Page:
Giant alien robots invade San Francisco!

Lastly, The Missing Link is the most combat focused, but also the least interesting of the three characters. He comes packing the standard variety of punches and kicks, as well as a supremely powerful charge attack that makes it easy to wipe out every enemy on the screen at once. The reason The Missing Link just isn't that fun to play boils down to the design of his levels. Where B.O.B's levels display some creativity in maze design and Ginormica's are fast-paced on-rails sequences, The Missing Link's levels are insanely repetitive, involving only combat with enemies, taking out turrets, some laser dodging sequences, and unscrewing robot parts in an endless loop, with each level looking and playing far too much like the ones before it.

Dr. Cockroach is technically a playable character as well, but really that's just what the developers have decided to call the targeting reticle for this game's co-op mode. While playing through the story, a second player can take control of a targeting reticle, and use it to assist in combat by shooting lasers at enemies, or picking them up with a tractor beam to get them out of the way. There's also numerous eye-like robots in each level which seem to exist solely to give the second player something to shoot at. Co-op makes an already easy game even easier, and seems designed so a parent could assist their child's game, or perhaps give kids something to do while a parent plays.

As players progress through the levels, they'll collect tons of DNA particles, which work as currency to purchase the game's unlockable content. Such content ranges from concept art, to more meaningful additions, like upgrades to health, better co-op attacks, "deleted" levels, and character commentaries, which can be heard by replaying the the mission the commentary is for. Like the dialogue of the main game, some of the commentary is hilarious, and some of it is terrible. Interspersed between the unlockable content are numerous monster challenges, which must be cleared to be able to purchase more content. These challenges have players replaying sections of the game, trying to complete sections without getting hit, clearing an area with enough time remaining, or just scoring as many points as possible.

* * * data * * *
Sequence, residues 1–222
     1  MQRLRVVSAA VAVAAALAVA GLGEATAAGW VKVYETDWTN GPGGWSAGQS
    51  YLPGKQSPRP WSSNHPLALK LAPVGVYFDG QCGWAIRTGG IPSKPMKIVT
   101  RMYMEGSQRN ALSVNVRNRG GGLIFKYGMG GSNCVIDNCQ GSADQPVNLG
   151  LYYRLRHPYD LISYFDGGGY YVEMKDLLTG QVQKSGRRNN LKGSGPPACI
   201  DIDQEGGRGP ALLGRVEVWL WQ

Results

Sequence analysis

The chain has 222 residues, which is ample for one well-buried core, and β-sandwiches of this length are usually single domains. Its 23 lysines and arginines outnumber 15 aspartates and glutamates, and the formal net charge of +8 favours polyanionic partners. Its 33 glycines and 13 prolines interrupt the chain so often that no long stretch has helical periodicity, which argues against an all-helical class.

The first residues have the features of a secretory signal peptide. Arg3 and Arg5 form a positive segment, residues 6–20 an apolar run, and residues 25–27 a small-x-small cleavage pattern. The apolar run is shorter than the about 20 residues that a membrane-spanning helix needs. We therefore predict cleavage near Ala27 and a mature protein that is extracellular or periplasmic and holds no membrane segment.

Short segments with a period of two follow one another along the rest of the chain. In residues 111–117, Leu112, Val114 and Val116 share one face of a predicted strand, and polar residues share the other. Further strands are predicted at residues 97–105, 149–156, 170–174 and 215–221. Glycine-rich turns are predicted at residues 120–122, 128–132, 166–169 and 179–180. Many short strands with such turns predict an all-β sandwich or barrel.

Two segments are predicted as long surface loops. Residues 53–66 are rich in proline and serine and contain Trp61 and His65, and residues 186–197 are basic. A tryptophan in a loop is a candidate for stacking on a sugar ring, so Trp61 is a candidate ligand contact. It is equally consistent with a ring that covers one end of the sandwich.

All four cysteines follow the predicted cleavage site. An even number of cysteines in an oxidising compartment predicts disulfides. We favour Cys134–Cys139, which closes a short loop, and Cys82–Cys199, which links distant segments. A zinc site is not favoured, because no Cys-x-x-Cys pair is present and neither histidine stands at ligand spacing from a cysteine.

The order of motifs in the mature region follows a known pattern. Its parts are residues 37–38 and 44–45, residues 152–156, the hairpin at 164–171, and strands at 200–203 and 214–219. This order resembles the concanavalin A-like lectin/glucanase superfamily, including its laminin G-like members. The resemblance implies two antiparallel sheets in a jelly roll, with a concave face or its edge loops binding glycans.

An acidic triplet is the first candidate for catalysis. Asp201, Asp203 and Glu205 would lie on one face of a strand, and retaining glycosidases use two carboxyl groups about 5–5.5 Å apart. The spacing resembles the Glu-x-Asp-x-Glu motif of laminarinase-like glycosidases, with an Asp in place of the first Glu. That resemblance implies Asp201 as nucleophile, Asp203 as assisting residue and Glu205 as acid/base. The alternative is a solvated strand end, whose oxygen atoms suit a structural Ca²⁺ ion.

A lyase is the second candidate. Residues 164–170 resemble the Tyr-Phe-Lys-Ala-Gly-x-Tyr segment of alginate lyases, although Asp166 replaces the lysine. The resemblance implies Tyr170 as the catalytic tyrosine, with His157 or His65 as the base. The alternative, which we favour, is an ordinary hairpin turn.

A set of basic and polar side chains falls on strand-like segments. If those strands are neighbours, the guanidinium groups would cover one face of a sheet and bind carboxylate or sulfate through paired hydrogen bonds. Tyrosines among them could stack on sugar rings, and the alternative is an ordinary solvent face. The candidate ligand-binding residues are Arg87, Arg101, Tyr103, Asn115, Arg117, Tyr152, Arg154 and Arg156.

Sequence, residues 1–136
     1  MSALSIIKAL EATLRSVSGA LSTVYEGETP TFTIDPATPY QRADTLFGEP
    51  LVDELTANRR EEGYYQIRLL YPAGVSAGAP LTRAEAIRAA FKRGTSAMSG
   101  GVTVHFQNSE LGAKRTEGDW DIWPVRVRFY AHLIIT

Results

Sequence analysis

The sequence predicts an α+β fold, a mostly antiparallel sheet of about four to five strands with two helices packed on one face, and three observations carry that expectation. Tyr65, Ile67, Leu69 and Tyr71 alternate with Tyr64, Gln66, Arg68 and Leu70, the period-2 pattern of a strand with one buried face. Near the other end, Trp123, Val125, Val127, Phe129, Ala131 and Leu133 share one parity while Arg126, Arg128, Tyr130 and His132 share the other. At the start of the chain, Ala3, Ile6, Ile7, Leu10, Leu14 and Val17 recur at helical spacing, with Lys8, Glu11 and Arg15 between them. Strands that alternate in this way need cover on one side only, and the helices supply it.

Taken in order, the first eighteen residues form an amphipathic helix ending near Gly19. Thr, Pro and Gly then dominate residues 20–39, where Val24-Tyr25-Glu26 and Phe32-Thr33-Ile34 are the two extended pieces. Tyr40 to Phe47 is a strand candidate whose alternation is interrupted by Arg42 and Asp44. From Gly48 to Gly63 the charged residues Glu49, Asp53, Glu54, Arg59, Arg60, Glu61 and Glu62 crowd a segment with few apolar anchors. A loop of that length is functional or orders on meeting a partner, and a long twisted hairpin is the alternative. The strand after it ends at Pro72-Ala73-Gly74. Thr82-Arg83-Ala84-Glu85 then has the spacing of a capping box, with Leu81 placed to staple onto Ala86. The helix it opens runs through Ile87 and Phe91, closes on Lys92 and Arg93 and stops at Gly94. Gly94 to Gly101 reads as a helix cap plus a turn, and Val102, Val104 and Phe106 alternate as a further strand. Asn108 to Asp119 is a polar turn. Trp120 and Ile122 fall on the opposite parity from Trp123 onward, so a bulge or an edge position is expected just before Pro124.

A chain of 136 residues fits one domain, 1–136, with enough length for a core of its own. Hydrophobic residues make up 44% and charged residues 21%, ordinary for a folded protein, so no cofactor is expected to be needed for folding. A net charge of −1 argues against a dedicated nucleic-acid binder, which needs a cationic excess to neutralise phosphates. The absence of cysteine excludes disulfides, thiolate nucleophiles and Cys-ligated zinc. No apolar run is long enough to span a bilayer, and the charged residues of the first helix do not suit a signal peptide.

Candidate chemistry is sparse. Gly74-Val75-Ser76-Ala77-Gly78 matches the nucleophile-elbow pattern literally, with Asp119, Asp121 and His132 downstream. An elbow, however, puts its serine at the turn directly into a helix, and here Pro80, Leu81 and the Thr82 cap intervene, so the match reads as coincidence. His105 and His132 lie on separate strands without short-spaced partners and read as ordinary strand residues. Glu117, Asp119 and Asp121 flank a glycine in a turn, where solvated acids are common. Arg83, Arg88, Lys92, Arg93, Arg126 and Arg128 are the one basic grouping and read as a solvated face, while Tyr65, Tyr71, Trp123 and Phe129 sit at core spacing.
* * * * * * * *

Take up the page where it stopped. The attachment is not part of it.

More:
The biggest complaints that can be leveled against Monsters vs. Aliens are that the game gets highly repetitive, and plays like every other movie-based game out there. If you've played any games like Shrek, Bolt, Wall-E, or any others, you may feel like you've already played this game a thousand times. While Ginormica and B.O.B's levels are mostly enjoyable, even they become tiresome down the line, as the game fails to provide enough variety to the action to keep things fresh for the game's entire seven to eight hour length.

Half fish. Half ape. All robot slayer.